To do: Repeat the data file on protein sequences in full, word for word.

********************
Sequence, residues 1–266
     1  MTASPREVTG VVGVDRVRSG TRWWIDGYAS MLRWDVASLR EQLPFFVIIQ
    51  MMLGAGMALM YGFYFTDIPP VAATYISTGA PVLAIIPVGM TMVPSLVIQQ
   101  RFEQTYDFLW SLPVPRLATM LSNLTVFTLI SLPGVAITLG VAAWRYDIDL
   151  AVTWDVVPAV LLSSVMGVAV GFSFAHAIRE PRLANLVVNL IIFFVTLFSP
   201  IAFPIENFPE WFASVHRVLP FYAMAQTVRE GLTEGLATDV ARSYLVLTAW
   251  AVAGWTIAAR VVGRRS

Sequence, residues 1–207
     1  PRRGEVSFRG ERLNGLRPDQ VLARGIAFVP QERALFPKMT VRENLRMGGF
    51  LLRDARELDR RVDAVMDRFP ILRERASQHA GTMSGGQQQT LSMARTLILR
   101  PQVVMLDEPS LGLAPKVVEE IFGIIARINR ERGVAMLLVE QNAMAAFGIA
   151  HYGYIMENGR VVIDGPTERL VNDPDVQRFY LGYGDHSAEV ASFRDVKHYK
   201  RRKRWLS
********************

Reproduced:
Sequence, residues 1–266
     1  MTASPREVTG VVGVDRVRSG TRWWIDGYAS MLRWDVASLR EQLPFFVIIQ
    51  MMLGAGMALM YGFYFTDIPP VAATYISTGA PVLAIIPVGM TMVPSLVIQQ
   101  RFEQTYDFLW SLPVPRLATM LSNLTVFTLI SLPGVAITLG VAAWRYDIDL
   151  AVTWDVVPAV LLSSVMGVAV GFSFAHAIRE PRLANLVVNL IIFFVTLFSP
   201  IAFPIENFPE WFASVHRVLP FYAMAQTVRE GLTEGLATDV ARSYLVLTAW
   251  AVAGWTIAAR VVGRRS

Sequence, residues 1–207
     1  PRRGEVSFRG ERLNGLRPDQ VLARGIAFVP QERALFPKMT VRENLRMGGF
    51  LLRDARELDR RVDAVMDRFP ILRERASQHA GTMSGGQQQT LSMARTLILR
   101  PQVVMLDEPS LGLAPKVVEE IFGIIARINR ERGVAMLLVE QNAMAAFGIA
   151  HYGYIMENGR VVIDGPTERL VNDPDVQRFY LGYGDHSAEV ASFRDVKHYK
   201  RRKRWLS